Questions about religion are seldom popular. They frighten people. They oblige them to look within and to think. The insolvent tradesman does not like his books to be searched. The faithless steward does not like his accounts to be examined. And the unconverted Christian does not like to be asked home-questions about his soul.

But questions about religion are very useful. The Lord Jesus Christ asked many questions during His ministry on earth. The servant of Christ ought not to be ashamed to do likewise. Questions about things necessary to salvation,-questions which probe the conscience, and bring men face to face with God,-such questions often bring life and health to souls. I know few questions more important than the one before you today. DO YOU BELIEVE?

Reader, the question before you is no easy one to answer. Think not to thrust it aside by the off-hand answer, “Of course I believe.” I tell you this day that true belief is no such “matter of course” as you suppose. I tell you that myriads of Protestants and Roman Catholics are constantly saying on Sundays, “I believe,” who know nothing whatever of believing. They cannot explain what they mean. They neither know what, nor in whom, they believe. They can give no account of their faith. Reader, a belief of this kind is utterly useless. It can neither satisfy, nor sanctify, nor save.

I invite you in all affection to consider the question which heads this tract. I ask you to give me your attention while I try to place it before you in its full proportions. In order to see clearly the importance of “believing,” you should ponder well the words of Christ to which I have already referred. It is by the unfolding of these words, that I shall hope to make you feel the weight of the question, “Do you believe?”

There are four things which I wish to show you, and to impress upon your mind.

I. God’s mind towards the world – He “loved” it.

II. God’s gift to the world – “He gave His only begotten Son.”

III. The only way to obtain the benefit of God’s gift – “Whosoever believeth on Him shall not perish.”

IV. The marks by which true belief may be known.

Read it all.

 

John 7:37-39, “In the last day, that great [day] of the feast, Jesus stood and cried, saying, If any man thirst, let him come unto me, and drink. He that believeth on me, as the scripture hath said, out of his belly shall flow rivers of living water. (But this spake he of the Spirit, which they that believe on him should receive.”

(c) David Martin; Supplied by The Public Catalogue Foundation

Nothing has rendered the cross of Christ of less effect; nothing has been a greater stumbling-block and rock of offense to weak minds, that a supposition, now current among us, that most of what is contained in the gospel of Jesus Christ, was designed only for our Lord’s first and immediate followers, and consequently calculated but for one or two hundred years. Accordingly, many now read the life, sufferings, death, and resurrection of Jesus Christ, in the same manner as Caesar’s Commentaries, or the Conquests of Alexander are read: as things rather intended to afford matter for speculation, than to be acted over again in and by us.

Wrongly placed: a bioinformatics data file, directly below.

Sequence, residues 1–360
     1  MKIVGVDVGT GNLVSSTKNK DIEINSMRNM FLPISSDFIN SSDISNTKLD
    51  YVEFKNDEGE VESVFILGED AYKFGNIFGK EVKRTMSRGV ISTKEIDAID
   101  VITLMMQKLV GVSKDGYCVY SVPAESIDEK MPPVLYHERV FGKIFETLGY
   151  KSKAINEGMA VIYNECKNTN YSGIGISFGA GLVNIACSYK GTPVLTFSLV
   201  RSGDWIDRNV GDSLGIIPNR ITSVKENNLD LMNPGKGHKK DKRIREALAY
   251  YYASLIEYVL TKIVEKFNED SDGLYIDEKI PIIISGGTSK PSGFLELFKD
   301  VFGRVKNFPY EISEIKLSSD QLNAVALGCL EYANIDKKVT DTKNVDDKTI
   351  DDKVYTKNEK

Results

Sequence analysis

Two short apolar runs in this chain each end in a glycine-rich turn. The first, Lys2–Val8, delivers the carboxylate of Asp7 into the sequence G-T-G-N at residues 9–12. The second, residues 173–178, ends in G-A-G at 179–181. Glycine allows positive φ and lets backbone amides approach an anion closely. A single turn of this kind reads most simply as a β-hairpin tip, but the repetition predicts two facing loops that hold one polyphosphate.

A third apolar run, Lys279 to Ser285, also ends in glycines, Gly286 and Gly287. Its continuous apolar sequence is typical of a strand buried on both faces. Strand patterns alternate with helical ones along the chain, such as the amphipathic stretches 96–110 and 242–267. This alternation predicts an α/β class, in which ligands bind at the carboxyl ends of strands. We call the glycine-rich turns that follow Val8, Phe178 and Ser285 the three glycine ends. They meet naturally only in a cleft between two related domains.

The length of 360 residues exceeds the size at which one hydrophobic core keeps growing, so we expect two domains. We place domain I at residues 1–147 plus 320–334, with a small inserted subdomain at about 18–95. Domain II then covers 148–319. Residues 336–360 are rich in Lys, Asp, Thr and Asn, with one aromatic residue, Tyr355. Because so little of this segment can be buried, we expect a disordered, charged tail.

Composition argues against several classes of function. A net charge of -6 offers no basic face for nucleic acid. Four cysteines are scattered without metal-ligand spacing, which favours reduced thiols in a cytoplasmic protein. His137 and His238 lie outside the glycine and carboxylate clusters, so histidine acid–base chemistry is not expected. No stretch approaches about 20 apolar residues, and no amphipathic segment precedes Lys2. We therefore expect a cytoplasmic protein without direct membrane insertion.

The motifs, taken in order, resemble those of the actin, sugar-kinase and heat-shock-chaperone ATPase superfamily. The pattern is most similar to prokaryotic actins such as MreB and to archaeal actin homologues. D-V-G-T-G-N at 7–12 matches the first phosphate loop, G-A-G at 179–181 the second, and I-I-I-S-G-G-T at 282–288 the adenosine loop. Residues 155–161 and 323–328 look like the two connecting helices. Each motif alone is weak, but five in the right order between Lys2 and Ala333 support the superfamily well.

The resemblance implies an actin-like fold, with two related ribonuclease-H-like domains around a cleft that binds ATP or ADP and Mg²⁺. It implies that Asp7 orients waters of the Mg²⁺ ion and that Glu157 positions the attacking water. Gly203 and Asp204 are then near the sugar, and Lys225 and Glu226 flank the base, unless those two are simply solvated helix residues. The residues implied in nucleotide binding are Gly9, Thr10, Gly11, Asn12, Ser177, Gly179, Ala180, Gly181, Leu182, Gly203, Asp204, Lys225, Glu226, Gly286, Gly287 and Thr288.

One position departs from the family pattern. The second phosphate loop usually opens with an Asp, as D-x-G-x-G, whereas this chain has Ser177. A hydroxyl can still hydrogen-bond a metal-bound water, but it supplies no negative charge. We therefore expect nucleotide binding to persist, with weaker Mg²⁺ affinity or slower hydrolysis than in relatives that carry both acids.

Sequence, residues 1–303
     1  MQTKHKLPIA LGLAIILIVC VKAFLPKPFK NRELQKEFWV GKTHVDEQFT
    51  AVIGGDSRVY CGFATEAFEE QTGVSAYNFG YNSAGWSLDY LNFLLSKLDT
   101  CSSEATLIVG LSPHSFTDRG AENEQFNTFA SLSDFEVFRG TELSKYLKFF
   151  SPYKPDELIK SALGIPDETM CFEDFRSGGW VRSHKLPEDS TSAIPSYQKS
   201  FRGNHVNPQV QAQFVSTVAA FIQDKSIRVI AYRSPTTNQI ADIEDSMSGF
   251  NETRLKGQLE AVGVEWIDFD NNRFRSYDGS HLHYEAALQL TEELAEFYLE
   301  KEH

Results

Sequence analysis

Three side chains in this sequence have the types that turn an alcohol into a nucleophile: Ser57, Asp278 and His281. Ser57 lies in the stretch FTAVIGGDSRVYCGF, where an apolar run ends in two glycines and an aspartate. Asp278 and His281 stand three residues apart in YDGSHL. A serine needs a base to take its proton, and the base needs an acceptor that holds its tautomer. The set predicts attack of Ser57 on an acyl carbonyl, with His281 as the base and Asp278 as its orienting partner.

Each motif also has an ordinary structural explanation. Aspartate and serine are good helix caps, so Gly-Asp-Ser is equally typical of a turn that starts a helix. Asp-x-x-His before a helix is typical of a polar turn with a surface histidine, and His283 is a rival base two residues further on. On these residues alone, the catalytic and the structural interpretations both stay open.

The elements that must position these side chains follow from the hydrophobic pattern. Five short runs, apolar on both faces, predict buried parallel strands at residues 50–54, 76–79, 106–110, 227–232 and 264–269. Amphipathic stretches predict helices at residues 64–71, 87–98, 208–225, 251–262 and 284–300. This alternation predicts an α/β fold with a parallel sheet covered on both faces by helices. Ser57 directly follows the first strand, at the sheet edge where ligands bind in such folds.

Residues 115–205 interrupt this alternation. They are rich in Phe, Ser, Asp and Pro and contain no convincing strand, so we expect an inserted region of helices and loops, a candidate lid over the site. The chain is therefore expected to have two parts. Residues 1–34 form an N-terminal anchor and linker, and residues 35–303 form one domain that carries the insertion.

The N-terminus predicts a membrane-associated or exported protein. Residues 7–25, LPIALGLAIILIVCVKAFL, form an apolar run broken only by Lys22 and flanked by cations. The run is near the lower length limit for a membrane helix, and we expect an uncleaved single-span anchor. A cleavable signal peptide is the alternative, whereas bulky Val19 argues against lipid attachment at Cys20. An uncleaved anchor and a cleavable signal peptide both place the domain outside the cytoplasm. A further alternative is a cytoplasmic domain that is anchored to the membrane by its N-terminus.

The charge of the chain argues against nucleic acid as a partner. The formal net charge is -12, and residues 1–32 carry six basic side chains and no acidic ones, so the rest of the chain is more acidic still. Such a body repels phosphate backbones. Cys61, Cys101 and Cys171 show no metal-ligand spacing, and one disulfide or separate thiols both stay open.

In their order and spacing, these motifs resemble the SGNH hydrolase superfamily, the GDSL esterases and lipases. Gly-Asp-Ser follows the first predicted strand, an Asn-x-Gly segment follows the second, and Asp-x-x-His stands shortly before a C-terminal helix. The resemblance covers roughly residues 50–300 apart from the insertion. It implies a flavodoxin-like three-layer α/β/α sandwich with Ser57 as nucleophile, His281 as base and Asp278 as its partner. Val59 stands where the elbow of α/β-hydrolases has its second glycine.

As this is true of the doctrines of the gospel in general, so it is of the operation of God’s Spirit upon the hearts of believers in particular; for we no sooner mention the necessity of our receiving the Holy Ghost in these last days, as well as formerly, but we are looked upon by some, as enthusiasts and madmen; and by others, represented as willfully deceiving the people, and undermining the established constitution of the church.

Judge ye then, whether it is not high time for the true ministers of Jesus, who have been made partakers of this heavenly gift, to lift up their voices like a trumpet; and if they would not have those souls perish, for which the Lord Jesus has shed his precious blood, to declare, with all boldness, that the Holy Spirit is the common privilege and portion of all believers in all ages; and that we as well as the first Christians, must receive the Holy Ghost, before we can be truly called the children of God.

Read it all.

jc_ryle“A man ought to examine himself before he eats of the bread and drinks of the cup” (1 Corinthians 11.28)

The words which form the tittle of this paper refer to the subject of vast importance. That subject is the Lord’s Supper.

Perhaps no part of the Christian religion is so thoroughly misunderstood as the Lord’s Supper. On no point have there been so many disputes, strifes, and controversies for almost 1800 years. On no point have mistakes done so much harm. The very ordinance which was meant for our peace and profit has
become the cause of discord and the occasion of sin. These things ought not to be!

I make no excuse for including the Lord’s Supper among the leading points of “practical” Christianity. I firmly believe that ignorant views or false doctrine about this ordinance lie at the root of some of the present divisions of professing Christians. Some neglect it altogether; some completely misunderstand it; some exalt it to a position it was never meant to occupy, and turn it into an idol. If I can throw a little light on it, and clear up the doubts in some minds, I will feel very thankful. It is hopeless, I fear, to expect that the controversy about the Lord’s Supper will ever be finally closed until the Lord comes. But it is not too much to hope that the fog and mystery and obscurity with which it is surrounded in some minds, may be cleared away by plain Bible truth.

In examining the Lord’s Supper I will be content with asking four practical questions, and offering answers to them.

I. Why was the Lord’s Supper ordained?

II. Who ought to go to the Table and be communicants?

III. What may communicants expect from the Lord’s Supper?

IV. Why do many so-called Christians (church-going unbelievers) never go to
the Lord’s Table?

I think it will be impossible to handle these four questions fairly, honestly, and impartially, without seeing the subject of this paper more clearly, and getting some distinct and practical ideas about some leading errors of our day.

Read it all.